Thursday, May 22, 2014

Thursday, May 22

8 a.m.-7 p.m.
5th High-Power Targetry Workshop - One West
Register in person

12:30 p.m.
Undergraduate Lecture Series (NOTE TIME) - Curia II
Speaker: Elliott McCrory, Fermilab
Title: Lecture Series Overview


3:30 p.m.

4 p.m.
Accelerator Physics and Technology Seminar (NOTE DATE, LOCATION) - Curia II
Speaker: Tengming Shen, Fermilab
Title: High-Temperature Superconducting Magnets: Pushing Limits

Friday, May 23

8 a.m.-3 p.m.
5th High-Power Targetry Workshop - One West
Register in person

11 a.m.
Academic Lecture Series (NOTE DATE) - Curia II
Speaker: Mayly Sanchez, Iowa State University
Title: Challenges for Long-Baseline Neutrino Experiments

3:30 p.m.

4 p.m.
Joint Experimental-Theoretical Physics Seminar - One West
Speaker: Junjie Zhu, University of Michigan
Title: First Evidence of Same-Sign WW Vector Boson Scattering Process at ATLAS

Click here for NALCAL,
a weekly calendar with links to additional information.

Ongoing and upcoming conferences at Fermilab


Take Five

Weather Mostly sunny

Extended forecast
Weather at Fermilab

Current Security Status

Secon Level 3

Current Flag Status

Flags at full staff

Wilson Hall Cafe

Thursday, May 22

- Breakfast: Canadian bacon, egg and cheese Texas toast
- Breakfast: Greek omelet
- Ranch house steak sandwich
- Asian beef and vegetables
- Coq au vin
- Rustic club flatbread sandwich
- Peruvian beef and potato stir fry
- Chicken noodle soup
- Chef's choice soup
- Assorted pizza by the slice

Wilson Hall Cafe menu

Chez Leon

Friday, May 23

Wednesday, May 28
- Santorini salad with grilled shrimp
- Lemon Napoleon

Chez Leon menu
Call x3524 to make your reservation.


Fermilab Today

Director's Corner

Frontier Science Result

Physics in a Nutshell

Tip of the Week

User University Profiles

Related content


Fermilab Today
is online at:

Send comments and suggestions to:

Visit the Fermilab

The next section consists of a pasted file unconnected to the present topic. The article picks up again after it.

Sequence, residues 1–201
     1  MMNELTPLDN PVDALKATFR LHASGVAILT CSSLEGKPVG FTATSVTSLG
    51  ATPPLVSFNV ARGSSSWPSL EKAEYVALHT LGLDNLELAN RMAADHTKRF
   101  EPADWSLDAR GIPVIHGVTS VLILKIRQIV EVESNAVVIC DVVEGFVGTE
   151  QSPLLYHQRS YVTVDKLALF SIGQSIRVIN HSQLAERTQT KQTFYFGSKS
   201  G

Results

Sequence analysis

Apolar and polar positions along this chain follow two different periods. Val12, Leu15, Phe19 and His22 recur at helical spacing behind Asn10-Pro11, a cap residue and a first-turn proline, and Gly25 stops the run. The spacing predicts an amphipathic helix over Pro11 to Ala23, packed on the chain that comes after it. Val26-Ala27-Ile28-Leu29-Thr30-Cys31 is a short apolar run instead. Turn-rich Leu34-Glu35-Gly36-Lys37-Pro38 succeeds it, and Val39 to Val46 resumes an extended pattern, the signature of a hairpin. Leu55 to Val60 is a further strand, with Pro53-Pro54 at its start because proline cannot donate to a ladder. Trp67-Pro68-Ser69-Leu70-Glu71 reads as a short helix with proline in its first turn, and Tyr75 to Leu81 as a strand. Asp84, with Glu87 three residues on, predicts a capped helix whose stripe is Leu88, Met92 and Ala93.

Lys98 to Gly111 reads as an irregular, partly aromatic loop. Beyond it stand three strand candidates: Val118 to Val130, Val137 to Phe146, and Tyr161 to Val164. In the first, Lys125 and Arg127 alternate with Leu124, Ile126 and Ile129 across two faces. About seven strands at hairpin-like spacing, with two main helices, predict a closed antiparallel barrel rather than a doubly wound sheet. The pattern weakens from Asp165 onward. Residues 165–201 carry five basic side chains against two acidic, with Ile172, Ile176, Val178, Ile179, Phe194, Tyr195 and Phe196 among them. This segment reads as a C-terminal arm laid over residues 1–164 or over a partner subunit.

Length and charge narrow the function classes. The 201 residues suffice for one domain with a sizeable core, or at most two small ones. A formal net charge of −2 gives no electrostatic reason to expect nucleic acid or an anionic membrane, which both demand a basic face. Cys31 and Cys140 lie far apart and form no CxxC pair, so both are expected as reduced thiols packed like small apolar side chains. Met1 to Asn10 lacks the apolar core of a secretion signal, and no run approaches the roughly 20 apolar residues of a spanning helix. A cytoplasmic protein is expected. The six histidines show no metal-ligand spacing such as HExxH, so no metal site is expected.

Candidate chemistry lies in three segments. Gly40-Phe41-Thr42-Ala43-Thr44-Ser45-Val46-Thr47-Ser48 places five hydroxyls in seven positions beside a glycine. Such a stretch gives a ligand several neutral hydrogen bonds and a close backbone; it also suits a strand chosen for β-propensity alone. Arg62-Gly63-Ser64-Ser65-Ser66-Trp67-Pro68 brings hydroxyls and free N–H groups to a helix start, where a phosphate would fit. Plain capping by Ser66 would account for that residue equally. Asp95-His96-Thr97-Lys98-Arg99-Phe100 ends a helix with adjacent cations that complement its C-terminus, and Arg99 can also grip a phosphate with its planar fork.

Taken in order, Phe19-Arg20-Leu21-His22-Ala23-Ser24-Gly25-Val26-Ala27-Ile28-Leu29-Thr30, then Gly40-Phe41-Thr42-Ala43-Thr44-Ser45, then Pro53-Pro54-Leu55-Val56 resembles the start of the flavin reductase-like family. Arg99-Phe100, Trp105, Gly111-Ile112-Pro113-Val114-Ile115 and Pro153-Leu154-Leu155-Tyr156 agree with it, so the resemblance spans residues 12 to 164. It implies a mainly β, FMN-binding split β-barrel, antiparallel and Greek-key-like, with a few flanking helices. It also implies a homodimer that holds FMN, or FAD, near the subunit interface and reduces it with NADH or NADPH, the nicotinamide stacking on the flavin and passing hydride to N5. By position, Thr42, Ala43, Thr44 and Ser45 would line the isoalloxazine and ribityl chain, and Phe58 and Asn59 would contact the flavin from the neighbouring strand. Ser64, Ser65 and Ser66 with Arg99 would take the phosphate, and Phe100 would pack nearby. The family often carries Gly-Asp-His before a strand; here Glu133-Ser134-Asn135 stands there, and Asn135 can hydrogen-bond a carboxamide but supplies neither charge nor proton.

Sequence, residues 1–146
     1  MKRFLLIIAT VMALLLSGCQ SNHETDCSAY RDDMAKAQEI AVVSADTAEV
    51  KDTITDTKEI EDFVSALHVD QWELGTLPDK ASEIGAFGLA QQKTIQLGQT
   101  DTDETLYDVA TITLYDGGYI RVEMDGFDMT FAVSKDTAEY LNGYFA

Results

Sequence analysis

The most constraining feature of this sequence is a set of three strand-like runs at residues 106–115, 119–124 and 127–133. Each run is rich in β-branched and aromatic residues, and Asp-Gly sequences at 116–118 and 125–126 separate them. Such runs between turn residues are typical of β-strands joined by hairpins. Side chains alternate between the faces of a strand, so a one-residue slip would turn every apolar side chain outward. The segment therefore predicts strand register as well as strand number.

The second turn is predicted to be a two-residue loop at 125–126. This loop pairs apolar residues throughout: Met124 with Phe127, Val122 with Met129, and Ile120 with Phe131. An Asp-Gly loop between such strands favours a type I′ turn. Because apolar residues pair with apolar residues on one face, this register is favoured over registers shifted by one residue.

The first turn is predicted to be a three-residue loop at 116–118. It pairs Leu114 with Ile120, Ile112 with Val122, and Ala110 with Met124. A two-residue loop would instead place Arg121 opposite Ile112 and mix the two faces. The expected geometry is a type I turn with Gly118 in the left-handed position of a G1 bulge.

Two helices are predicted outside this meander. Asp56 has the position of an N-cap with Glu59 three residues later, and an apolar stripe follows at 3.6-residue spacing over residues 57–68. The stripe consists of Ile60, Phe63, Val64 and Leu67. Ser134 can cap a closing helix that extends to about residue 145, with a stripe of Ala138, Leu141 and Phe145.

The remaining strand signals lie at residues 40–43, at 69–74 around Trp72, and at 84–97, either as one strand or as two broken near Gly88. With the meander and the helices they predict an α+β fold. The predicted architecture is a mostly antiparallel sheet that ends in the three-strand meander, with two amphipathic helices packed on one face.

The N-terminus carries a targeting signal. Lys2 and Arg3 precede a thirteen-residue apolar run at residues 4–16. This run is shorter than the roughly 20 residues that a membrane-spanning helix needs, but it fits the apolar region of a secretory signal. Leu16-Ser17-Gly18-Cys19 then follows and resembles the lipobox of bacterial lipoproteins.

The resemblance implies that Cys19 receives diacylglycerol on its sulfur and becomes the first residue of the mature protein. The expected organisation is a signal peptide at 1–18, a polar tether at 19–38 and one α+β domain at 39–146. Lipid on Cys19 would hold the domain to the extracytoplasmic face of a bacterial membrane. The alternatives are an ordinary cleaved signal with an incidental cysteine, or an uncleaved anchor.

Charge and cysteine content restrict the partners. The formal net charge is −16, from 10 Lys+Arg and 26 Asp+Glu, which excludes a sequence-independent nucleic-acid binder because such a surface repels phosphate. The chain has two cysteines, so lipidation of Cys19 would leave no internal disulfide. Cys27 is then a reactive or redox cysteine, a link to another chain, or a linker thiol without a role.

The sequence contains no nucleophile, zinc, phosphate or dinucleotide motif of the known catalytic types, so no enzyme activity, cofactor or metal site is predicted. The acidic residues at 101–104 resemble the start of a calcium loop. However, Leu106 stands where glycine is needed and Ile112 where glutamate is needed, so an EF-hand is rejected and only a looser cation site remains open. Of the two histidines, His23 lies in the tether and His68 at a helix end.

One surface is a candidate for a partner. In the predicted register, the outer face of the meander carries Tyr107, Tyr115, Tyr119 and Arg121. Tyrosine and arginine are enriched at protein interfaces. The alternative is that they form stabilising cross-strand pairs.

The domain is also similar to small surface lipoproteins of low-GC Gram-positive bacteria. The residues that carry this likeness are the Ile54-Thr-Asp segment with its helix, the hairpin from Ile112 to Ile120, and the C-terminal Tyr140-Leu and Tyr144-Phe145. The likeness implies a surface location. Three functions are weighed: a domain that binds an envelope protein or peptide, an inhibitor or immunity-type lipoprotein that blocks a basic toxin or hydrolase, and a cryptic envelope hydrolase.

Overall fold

home page

Unsubscribe from Fermilab Today

Special Announcement

All-hands meeting - May 28

An all-hands meeting will be held on Wednesday, May 28, at 9:30 a.m. in Ramsey Auditorium. Director Nigel Lockyer will discuss the P5 report and how Fermilab's scientific program will align with the 10-year plan. The report will be presented today at the HEPAP meeting in Washington, D.C.


The science of love: local theater group performs play set at Fermilab

Scientist and intern fall in love in a play set at Fermilab. Photo courtesy of Village Theatre Guild

Lisa Dolnics says she wasn't thrilled at first with the idea of "now then again," a romantic play set in the halls of Fermilab. But once she read it, she fell in love, much like the play's two protagonists. She enjoyed it so much, in fact, that she asked to direct it. Dolnics' production of "now then again" with the Village Theatre Guild of Glen Ellyn opens on Friday, May 23.

What was it about this story that captivated Dolnics? The play, written by Penny Penniston, traces the love story between a Fermilab physicist and an intern. The story moves forward and backward in time, incorporating quantum physics concepts along with warm-hearted humor. While the science is complex, Dolnics said, the tale remains straightforward.

"It's about how people find each other, about being in the right place at the right time," she said.